“I’m sure most of you have heard the story of the man who, desperately ill, goes to an analyst and tells the doctor that he has lost his desire to live and that he is seriously considering suicide. The doctor listens to this tale of melancholia and then tells the patient that what he needs is a good belly laugh. He advises the unhappy man to go to the circus that night and spend the evening laughing at Grock, the world’s funniest clown. The doctor sums it up, ‘After you have seen Grock, I am sure you will be much happier.’ The patient rises to his feet, looks sadly at the doctor, turns and ambles to the door. As he starts to leave, the doctor says, ‘By the way what is your name?’ The man turns and regards the analyst with sorrowful eyes. ‘I am Grock.’”
From his book, Groucho and Me
Who makes the funny man laugh?
10:25 pm • 13 August 2014 • 1,258 notes
“As you walk and eat and travel, be where you are. Otherwise you will miss most of your life.”
— (via purplebuddhaproject)
9:13 am • 5 August 2014 • 1,491 notes
Good seat for the game #Indians
Is this Heaven? No, it’s Baseball.
12:19 pm • 3 August 2014 • 2 notes
So, where are we now? Oh, that far?….Good.
Well I have had this “Blog” a little over a year and really have not used it near as much as I would have liked to. So, here to making up for lost time.
I am done one full Spring semester at college and now about halfway through summer classes…well class. I am taking my second math class, due to failure of the first class. The old saying that the teacher makes all the difference is holding true this time. I have never been at such ease and have a grasp of what is going on this time, or maybe after 31 years my brain has just broken down and said “fine, i will do this!” My teacher tells me I am actually very good at math and that I should skip two classes and go straight to College Algebra (math 105). Allowing me to skip two of my remedial classes and get all my math over with. So, if all goes as planned, at the end of next semester I will never have another math class….ever….I hope. I really do dislike math.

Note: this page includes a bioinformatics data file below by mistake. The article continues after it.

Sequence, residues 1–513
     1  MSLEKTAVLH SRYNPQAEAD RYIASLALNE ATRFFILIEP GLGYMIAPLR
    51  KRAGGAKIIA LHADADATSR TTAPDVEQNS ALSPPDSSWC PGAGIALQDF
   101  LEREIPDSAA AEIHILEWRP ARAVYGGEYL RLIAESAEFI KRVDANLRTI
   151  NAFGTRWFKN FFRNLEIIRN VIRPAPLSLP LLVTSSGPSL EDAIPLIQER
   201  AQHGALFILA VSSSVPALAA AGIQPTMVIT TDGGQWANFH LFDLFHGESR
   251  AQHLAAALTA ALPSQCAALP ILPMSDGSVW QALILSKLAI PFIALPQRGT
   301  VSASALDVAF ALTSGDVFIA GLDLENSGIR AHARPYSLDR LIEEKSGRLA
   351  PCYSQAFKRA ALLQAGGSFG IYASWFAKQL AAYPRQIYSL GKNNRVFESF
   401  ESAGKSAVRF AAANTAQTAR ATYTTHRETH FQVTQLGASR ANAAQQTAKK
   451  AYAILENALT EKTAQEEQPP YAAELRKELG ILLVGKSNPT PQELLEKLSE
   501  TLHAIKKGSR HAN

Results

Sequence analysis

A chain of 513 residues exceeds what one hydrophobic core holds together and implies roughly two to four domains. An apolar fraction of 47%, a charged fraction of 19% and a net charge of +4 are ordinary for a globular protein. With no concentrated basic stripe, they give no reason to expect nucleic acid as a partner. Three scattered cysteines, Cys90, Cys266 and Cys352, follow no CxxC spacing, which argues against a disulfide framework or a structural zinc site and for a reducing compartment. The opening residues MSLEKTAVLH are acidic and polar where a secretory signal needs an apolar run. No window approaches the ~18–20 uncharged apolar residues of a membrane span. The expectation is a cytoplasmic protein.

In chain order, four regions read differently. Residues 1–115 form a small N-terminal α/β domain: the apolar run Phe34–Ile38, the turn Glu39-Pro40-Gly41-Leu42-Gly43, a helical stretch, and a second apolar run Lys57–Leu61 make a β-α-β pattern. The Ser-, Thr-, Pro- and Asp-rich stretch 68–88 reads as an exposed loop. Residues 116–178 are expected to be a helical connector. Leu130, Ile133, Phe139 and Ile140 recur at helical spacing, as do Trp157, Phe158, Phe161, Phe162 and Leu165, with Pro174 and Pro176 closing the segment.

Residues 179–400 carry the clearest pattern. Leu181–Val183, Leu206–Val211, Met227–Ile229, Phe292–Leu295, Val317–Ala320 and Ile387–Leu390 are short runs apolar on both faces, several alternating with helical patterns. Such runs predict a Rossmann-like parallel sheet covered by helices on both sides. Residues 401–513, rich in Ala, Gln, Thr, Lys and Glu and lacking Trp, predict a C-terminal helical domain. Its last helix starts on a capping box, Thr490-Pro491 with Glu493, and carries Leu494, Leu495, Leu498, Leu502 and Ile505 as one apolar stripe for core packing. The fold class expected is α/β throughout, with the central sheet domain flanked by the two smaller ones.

In other parts of my life things are changing. Kristian just got a new job. Which is better than bacon on my birthday..well almost as good. It is a full time state job with benefits and a pension. The best part is she really seems to enjoy this job and get a sense of fulfillment from this job path. It will be great for us down the road for her to have this job. I however on the other hand had to quit my job at advance. I just am not able to do the duties of my position due to my legs further weakening from the C.M.T. I am able to get back on disability so we will be okay money wise…well at least we won’t be any worse. We are still far from comfortable with our finances. The silver lining to this is I know have time to focus more on my schooling, that will in the end make us much more stable in our finances and make me able to keep a job even with my C.M.T. Somedays not having anything to do is great, others I hate it.
Also, Grandma is in the process of deciding how best to move back to the Baltimore area. She too is hurting with money and her little house just won’t take the winters much longer. It is a hard and tough subject with her. She feels so defeated by all of this. It will be a hard process for all involved, but a better result in the end as well.
Well thats all for now. That’s all I have to say for the time being. If your still awake it is time to leave. I’m turning out the lights and locking up. You don’t have to go home, but you can’t stay here.
9:48 pm • 29 July 2014
The 5 Massive New Telescopes That Will Change Astronomy Forever